Palace disputes claim EJKs affecting business confidence in Philippines

Alexis Romero - Philstar.com
Palace disputes claim EJKs affecting business confidence in Philippines
Presidential spokesperson Salvador Panelo claimed foreign investors never raised the issue of EJKs during their meeting with economic managers.
The STAR / Miguel de Guzman, File

MANILA, Philippines — Malacañang Monday disputed claims that the issue of extrajudicial killings is affecting business confidence in the Philippines and maintained that the government is stepping up reforms to lure more investors. 

Previous reports have quoted Christopher Leong, president of regional lawyer group LAWASIA, as saying that the government should take into account the short-term and long-term effects of the way crimes are solved. 

READ: Drug war, Islamists 'rising' risks for Philippine economy — Moody's

He was also quoted as saying that extrajudicial killings and rule of law could affect the confidence of foreign businesses that are eyeing the Philippines as an investment destination. 

But presidential spokesperson Salvador Panelo claimed foreign investors never raised the issue of extrajudicial killings during their meeting with economic managers. 

"I think whoever said that should conduct more research of that. According to our economic managers, particularly (Finance) Secretary (Carlos) Dominguez, (Socioeconomic Planning) Secretary (Ernesto) Pernia and (Trade) Secretary (Ramon) Lopez, they are one in saying that never that issue of human rights or extrajudicial killings have been raised during meetings with investors and other conferences relative to the business investments to this country," Panelo said in a press briefing.

Palace: Gov't addressing red tape

Panelo claimed foreign investments have also increased despite allegations that the administration is condoning extrajudicial killings. 

"If you compare that to the previous administration, we got huge investments from the foreign side," he added. 

Data from the Bangko Sentral ng Pilipinas showed that foreign direct investment inflows dropped by 4.4 percent to $9.8 billion last year from $10.3 billion in 2017 as investors were concerned about the trade war between the United States and China and the higher inflation. Last year's figure was also lower than the $10.4 billion target set by the central bank.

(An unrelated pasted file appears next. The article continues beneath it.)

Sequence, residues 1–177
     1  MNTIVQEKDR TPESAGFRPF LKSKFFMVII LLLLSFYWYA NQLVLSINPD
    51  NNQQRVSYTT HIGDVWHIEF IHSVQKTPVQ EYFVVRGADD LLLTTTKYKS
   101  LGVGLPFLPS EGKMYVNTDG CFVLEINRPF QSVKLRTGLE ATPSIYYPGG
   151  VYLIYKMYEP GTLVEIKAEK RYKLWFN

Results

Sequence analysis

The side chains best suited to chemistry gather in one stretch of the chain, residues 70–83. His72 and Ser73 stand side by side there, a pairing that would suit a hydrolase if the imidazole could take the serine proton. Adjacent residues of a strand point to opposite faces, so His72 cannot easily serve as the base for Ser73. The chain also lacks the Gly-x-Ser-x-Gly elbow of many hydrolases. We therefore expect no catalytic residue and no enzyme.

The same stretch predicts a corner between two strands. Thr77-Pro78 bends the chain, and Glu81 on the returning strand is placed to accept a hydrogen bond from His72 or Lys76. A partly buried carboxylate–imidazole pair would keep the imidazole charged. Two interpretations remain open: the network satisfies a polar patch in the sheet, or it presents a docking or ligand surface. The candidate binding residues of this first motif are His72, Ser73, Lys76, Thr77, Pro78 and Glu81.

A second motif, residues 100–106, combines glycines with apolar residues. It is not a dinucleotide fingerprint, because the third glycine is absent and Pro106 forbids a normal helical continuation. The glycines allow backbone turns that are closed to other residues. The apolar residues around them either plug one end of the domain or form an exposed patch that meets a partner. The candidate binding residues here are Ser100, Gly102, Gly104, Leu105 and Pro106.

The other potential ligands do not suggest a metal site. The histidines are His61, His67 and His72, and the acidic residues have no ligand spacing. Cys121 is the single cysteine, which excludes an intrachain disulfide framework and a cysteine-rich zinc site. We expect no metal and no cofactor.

Panelo said the government has undertaken measures to address red tape, a problem that he said turns off investors. 

READ: Red tape, corruption in government frustrate Duterte
"If there is so much red tape, they will be discouraged in coming here. That is precisely why we have the law on stopping such...That’s the reason why we have that kind of law, precisely to encourage the foreign investors," he said, referring to the ease of doing business law signed by the president last year.  

"And then, with respect to peace and order situation — and that is why there are so many foreign investors because they know that criminality has gone down considerably and there is war against illegal drugs and we are dismantling many factories producing shabu," he added. 


More than 5,000 people have died since the president launched his brutal war on illegal drugs in 2016, raising concerns among human rights groups who claim that the campaign encourages the summary execution of suspects. 

Officials deny this, saying law enforcers are only allowed to use violence if their lives are in danger and if suspects violently resist arrest. 

READ: Palace says ICC investigators won't be allowed to enter Philippines

Panelo also described as an "exaggeration" the Integrated Bar of the Philippines's claim that one lawyer dies every month since November  

"I don’t think so. And even assuming that to be true, it cannot be attributed to the government or whatever because those deaths may be the result of the problems affecting that particular individuals subject of the killing," Panelo said. 

"It could be personal motivations, it could be revenge, it could be a botched business deals or could be a client… disgruntled. There are many reasons for killing a particular individual," he added.

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